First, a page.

Alysse ElHage: What are some of the theories about why porn use is associated with negative relationship outcomes, and why is this more true for men than women?
Samuel Perry: Much of the theorizing about this argues that there are a few possible pathways. First, “scripting theory” suggests that porn use might shape our conscious or unconscious expectations about body image and how sexual relationships actually work in ways that might make us dissatisfied with our actual romantic partner. In this case, porn use may influence men more because they’re viewing it more often than women and thus, perhaps, are more susceptible to its influence. A second argument suggests that it’s really all about the discrepancy in porn use within the couple. The issue is perhaps not so much that porn use changes people but that couples don’t talk about it and perhaps hold different opinions on it. So, it becomes a tremendous source of tension and conflict. Most likely, some combination of both is happening.
The vast majority of studies that examine the connection between pornography use and relationship outcomes find that men who view pornography more often tend to report lower relationship quality by a variety of different measures.
Alysse ElHage: Religious belief and pornography use was the focus of one of your studies. What impact does religious belief have on pornography use and marital stability?
Samuel Perry: My own contribution to this ongoing conversation, and what is ultimately a large part of my forthcoming book, is that porn use is particularly damaging for the marital relationships of deeply religious Americans (I focus on conservative Protestants), primarily because of what porn use means to those men and women.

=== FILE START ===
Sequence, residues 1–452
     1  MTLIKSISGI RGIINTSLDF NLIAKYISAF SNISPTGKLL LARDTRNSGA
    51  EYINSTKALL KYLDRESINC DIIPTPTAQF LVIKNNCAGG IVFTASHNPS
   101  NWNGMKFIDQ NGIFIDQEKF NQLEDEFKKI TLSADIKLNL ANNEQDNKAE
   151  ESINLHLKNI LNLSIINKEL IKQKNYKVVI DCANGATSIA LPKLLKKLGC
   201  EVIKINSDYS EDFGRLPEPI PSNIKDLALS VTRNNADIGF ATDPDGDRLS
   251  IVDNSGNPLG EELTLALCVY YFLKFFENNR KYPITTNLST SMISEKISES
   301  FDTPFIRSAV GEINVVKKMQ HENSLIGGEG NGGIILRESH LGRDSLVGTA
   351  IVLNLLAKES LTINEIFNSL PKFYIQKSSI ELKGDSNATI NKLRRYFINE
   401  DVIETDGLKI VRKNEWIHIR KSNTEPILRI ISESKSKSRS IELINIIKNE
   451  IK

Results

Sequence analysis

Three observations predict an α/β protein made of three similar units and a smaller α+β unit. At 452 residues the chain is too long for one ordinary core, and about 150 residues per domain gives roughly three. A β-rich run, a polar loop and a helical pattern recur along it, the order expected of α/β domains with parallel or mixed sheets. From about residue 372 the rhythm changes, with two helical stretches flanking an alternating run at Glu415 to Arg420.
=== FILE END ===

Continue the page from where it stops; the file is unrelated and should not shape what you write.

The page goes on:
Several recent studies (mine included) show that the negative association between pornography use and marital quality is a lot stronger (or we could say worse) for those who (1) are more connected to church and the Bible and (2) are married to spouses who are more conventionally religious as well. And there’s also some data that suggest conservative Protestant women are twice as likely to report divorcing their husband because of his porn use compared to women who are not conservative Protestants. How can we explain these findings? Isn’t conventional religion supposed to make marriages stronger?
Conservative Protestants don’t view pornography more often than anyone else. In fact, the really devout ones tend to view it a lot less. So it’s not because they’re all “porn addicts.” But rather, because pornography use is such a fundamental violation of their own sexual ethic, conservative Protestant men who view pornography with any sort of regularity (even if it’s infrequent by the standards of other American men) often experience significant guilt and shame associated with it that ends up impacting their intimate relationships in negative ways. They hide. They lie. Especially if they’re married to a spouse who draws a hard line about pornography use. There is little communication about pornography use because it’s a complete non-starter for conservative Protestants. It’s morally unjustifiable to them and therefore serious enough to become a deal-breaker for a number of conservative Protestant women.